After discovering MSG is in body washes and shampoos, along with soy, I began to look for alternatives for my daughter and me. This search led me through the unlit back alleys of the internet into a subculture I hadn’t really looked into much: the “greenies”.
After thinking about it, I realized it made sense. After all, to find diary and egg free recipes for my allergic grandson I had to venture into vegan territory. Honestly, some of them scared me. I felt as if I so much as dared look at an egg, I was going to Hell. That feeling lasted about 10 seconds. I grabbed the recipes I needed, cooked myself some meat, and I haven’t been back.
I did everything in my power to find store-bought items that I could use without a reaction. No way was I making my own stuff! Who has time for that? Forget it! Not happening.
Famous last words, eh?
I needed to figure out what was going on with my hair. I have a love/hate relationship with it. First, I identified my hair type. Yes, I am in my 40s and I realized I didn’t know what type of hair I had. All I knew is that if I combed it after it dried, I looked like I lost a round with the electrical outlet. If I flat-ironed it, It had bumps that had nothing to do with a flat-iron (incorrectly flat-ironing your hair can cause “bumps”). This is a sign of a “curly girl” which incorporates all girls who do not have straight hair.
During research I stumbled across Naturallycurly.com and discovered I am a Type 2 curly/wavy girl. Using a comb after drying causes our hair to do an Einstein impersonation.
For you visual people:
I realized that my stylist only used her hands after she had cut my hair. No comb or brush touches my head once my hair enters the “drying” phase. A few days ago, during a skunk stripe removal visit, I watched her carefully and confirmed that she only uses her fingers. Upon leaving, I check my hair with my own hands and found no tangles. Since it was colored, it had been deep conditioned, so I decided to investigate this more later.
After searching through tons, and I do mean tons, of websites and recipes I decided KISS is the key. No, not the rock band. Keep It Simple, Stupid. I decided to go with the ever popular baking soda and water route.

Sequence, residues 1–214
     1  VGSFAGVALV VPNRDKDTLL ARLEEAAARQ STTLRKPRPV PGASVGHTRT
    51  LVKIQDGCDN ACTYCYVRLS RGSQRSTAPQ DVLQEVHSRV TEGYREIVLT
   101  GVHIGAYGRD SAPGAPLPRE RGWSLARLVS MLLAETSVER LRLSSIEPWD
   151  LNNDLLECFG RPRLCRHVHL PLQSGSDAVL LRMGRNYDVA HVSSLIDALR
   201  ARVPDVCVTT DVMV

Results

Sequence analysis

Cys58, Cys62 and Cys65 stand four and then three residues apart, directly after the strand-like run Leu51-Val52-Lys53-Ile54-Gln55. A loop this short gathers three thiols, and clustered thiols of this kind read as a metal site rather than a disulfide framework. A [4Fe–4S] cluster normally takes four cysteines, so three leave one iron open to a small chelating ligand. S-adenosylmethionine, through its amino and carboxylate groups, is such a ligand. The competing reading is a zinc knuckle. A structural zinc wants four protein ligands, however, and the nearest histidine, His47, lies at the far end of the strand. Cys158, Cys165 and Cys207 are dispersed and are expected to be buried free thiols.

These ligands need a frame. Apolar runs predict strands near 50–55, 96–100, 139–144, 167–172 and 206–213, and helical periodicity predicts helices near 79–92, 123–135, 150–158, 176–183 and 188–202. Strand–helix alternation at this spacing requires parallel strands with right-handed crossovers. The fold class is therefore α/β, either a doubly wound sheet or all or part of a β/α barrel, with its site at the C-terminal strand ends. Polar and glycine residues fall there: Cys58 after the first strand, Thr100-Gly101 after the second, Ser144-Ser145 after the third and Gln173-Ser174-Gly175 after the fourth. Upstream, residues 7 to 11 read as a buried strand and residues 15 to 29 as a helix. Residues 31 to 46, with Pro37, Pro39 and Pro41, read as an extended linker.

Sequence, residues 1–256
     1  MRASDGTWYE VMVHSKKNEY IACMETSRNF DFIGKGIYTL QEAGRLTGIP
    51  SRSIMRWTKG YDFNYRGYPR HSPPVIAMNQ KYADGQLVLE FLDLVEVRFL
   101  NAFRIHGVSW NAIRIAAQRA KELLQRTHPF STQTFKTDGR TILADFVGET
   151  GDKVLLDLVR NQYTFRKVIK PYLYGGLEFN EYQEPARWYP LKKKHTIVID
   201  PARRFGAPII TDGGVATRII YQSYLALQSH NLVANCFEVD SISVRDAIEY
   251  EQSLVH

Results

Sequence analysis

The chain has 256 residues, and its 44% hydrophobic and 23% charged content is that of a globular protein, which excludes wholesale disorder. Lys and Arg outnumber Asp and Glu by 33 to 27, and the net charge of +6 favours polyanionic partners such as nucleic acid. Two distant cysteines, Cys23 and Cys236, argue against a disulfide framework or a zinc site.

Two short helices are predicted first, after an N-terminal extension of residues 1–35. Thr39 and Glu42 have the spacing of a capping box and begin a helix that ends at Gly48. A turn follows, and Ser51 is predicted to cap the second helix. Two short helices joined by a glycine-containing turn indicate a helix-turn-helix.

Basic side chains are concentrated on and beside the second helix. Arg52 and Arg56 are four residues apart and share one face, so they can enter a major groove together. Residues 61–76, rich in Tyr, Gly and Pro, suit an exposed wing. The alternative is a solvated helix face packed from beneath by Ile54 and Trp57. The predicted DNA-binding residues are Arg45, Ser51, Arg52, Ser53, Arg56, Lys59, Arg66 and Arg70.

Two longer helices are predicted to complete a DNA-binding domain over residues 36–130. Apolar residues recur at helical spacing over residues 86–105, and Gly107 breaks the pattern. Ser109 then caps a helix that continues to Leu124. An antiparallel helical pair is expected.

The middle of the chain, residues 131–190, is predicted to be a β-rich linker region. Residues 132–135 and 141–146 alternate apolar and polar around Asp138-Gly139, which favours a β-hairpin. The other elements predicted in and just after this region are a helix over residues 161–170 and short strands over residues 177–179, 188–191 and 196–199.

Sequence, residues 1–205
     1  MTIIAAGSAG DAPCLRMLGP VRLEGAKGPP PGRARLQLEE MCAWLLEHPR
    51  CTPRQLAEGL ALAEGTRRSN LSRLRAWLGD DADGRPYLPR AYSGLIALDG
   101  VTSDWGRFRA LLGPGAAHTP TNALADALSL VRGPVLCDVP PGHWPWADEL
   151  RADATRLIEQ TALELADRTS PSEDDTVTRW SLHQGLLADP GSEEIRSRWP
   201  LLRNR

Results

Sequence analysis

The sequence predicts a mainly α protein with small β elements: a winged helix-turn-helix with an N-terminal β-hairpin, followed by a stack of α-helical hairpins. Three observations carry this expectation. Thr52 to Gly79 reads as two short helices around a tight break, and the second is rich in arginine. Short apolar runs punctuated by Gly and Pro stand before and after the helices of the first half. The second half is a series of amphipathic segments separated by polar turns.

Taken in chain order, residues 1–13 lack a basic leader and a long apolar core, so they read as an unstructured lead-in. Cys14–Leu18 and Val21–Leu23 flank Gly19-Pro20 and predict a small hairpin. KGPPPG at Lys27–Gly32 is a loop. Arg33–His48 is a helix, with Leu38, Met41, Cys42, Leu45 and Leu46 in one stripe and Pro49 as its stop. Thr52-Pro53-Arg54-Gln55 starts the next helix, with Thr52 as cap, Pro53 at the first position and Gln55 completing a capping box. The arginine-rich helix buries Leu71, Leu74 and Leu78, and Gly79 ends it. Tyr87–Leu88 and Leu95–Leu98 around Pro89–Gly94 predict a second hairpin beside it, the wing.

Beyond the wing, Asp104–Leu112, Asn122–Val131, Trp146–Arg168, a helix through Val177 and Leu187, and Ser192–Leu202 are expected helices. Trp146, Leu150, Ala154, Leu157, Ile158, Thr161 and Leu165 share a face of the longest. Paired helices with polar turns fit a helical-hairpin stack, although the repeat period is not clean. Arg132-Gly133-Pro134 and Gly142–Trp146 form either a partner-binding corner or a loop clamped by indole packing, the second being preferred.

Due to my mind being enslaved by years of beauty commercials and articles, I had serious doubts about the effectiveness of this. However, the idea that it could be “tweaked” (not something you can do to store-bought) appealed to me along with the cost. After over a month of experimenting, I stuck with the original recipe.
Put 1 tablespoon of baking soda (I used cheap store-bought since we weren’t ingesting it) in an 8 oz. spray bottle.
Fill with water making about 8 oz of “shampoo”. Spray around hairline and massage throughout the scalp. (I put another little spray at the crown of my scalp as well, because it likes to be a pain.) Use as much as you need to make sure you get the whole scalp – not your hair – your scalp, but don’t over spray! RINSE WELL!
Seriously, don’t short this part. If you don’t rinse well, your hair will be dry and grainy. You will look like a scarecrow used your head as a toilet. Ask me how I know. You will also need to give your hair adjustment time, because this doesn’t strip the oils to the extent commercial shampoos do. Your hair will be wondering what the heck just happened and may throw a tantrum until it adjusts. It took mine about two weeks to settle down.
That’s it. A 16 oz. box of store brand baking soda (nothing else in it) costs me $.58. There are 16 tablespoons per box. My cost is about $.04 per 8 oz. made. I have a well so no water costs to me. And guess what? Since I only need to wash my hair every few days, that 8 oz. will last me 3-4 weeks or more. If I assign that one box to only my hair, it will last me over a year. $.58 for a year of hair cleaning. Beat that. For you die-hards, I can throw in a few cents for the electricity that runs the well pump. It’s still a heck of a lot cheaper than buying shampoo and, more importantly, I don’t react to it.
My hair is very thick and this recipe gets it clean. Your mileage may vary.